Professor: Mark Burry. Local competition for Architectural students. First Place awarded. (awarded with the entrance to the Homo Faber Exhibition at the Melbourne Museum). The aim of this course was to explore a concept connected with the topic of water and therefore to create an architectural project. For this project I worked and analyzed the evolution of ‘floodplains’ for the development of a water Laboratory in the southern part of Melbourne. The main physical composition and elements of the floodplains are based on water flow and the eroded ground surface (which are called ‘islands’). Based on the studies and the abstraction of these 2 elements I defined rules and parameters for a better performance of the project. Analogies like structural elements, pedestrian flow & daylighting performance were some of the explored concepts that were studied during the process.

70

“Empty your mind, be formless, shapeless - like water. Now you put water into a cup, it becomes the cup, you put water into a bottle, it becomes the bottle, you put it in a teapot, it becomes the teapot. Now water can flow or it can crash. Be water, my friend.” Bruce Lee.


71


Abstraction of the floodplains

Different possibilities of transforming the floodplain into architecture

72

Transforming the common drainage patterns into architecture


Analysis of the floodplains in a 3D diagram

Using the pattern in different ways.

73

Working in section based on the concept of flow.


Academic Projects

15

74

Housing in Doctores District

Proyectos 5 B Arch & Urbanism University Iberoamericana, Mexico City 2005.

Professor: Salvador Arroyo. The aim of this project was to propose a system to challenge poverty, overpopulation and pollution in the Doctores Neighborhood. The people in Doctores Neighborhood are now confronted with big increases in density that continues to threaten their open spaces, (which is the most important quality of this area). The Project re purposes an idea to confront overpopulation by the cantilevering of units in to the faรงade. In this way I am creating an interesting architectural intervention and also I am creating more space for more families to live in. The building is created with sustainable technology and recycled materials.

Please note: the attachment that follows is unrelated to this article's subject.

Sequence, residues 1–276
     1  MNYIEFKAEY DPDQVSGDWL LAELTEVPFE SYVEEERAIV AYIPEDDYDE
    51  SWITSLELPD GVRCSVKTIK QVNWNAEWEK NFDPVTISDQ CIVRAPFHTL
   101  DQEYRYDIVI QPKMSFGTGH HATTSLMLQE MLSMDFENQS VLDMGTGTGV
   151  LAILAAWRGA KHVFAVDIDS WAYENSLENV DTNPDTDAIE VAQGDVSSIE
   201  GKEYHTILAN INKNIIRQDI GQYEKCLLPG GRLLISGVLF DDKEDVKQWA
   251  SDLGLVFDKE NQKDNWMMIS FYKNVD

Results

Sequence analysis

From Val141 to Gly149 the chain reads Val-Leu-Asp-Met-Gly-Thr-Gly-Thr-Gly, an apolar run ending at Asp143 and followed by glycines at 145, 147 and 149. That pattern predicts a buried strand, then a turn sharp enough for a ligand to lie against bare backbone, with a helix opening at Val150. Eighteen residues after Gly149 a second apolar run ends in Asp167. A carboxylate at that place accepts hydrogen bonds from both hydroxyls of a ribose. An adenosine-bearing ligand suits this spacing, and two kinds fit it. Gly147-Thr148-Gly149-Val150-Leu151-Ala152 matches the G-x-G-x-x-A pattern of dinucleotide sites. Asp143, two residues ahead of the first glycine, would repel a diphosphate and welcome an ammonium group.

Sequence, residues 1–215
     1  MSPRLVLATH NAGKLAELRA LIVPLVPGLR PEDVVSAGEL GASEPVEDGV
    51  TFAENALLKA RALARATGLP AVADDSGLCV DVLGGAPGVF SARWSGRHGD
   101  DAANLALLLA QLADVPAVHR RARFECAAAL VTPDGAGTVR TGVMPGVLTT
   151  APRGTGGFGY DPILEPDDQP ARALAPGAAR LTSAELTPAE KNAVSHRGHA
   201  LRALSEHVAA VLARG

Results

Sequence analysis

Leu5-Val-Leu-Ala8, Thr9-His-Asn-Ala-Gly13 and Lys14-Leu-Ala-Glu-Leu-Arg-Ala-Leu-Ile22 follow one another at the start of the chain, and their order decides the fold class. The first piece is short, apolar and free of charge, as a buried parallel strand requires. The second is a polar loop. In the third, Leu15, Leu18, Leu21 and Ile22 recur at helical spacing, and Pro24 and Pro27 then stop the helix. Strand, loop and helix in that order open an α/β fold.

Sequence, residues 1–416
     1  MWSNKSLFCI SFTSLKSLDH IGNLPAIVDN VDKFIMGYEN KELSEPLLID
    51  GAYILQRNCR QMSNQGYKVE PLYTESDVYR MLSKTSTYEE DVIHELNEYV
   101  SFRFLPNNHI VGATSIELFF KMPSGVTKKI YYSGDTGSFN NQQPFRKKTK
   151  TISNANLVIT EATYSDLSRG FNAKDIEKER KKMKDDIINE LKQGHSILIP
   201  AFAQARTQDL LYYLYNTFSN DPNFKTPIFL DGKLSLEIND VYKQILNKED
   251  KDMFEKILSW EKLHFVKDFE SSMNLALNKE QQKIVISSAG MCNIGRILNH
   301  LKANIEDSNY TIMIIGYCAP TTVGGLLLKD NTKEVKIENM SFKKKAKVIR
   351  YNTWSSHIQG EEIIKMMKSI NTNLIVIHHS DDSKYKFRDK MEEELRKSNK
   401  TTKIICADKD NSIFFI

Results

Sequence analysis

75


Academic Projects

16

Housing in Queretaro

Proyectos 4 B Arch & Urbanism University Iberoamericana, Mexico City 2005.

Professor: Isaac Broid and Mauricio Rocha. Local competition for Architectural students, First place awarded. (Awarded with the Entrance to the Xochimilco National competition). This Project consisted on making a housing complex in Queretaro for people with low economical resources. A Residential building of 100 apartments with 64 SQ Mts each. The ground floor is designed with a public central plaza which provides interaction and social reunion for the local community. The faรงade generates public spaces on higher levels, and the entire project uses materials that surround the area. The faรงade in the higher levels has movable shutters that protects the apartments from the sun, and gives privacy to the users. It also generates movement to the project, and creates a more flexible & dynamic building.

76


77


78


79


Projects of his own

17

Arquine Competition International Competition, Mexico City 2009

Individual Participation in the Arquine Competition. The guidelines for this competition were to create an architectural intervention adjacent to the Satelite Towers (a highway sculpture constructed by Mathias Goeritz and Luis Barragรกn, fifty years ago). The program consisted in the development of educational facilities that incorporates: classrooms, studios, workshops & administration offices. Having in mind that most of the competitors would propose a ground level intervention (to respect the towers) I decided that catalyzing the area would be better by the construction of a ramp/building that not only expands the public space and generates social integration, but also has the courage & the intention to become an integral vertical element into our well respected historical towers.

80


81


classrooms

studios

public space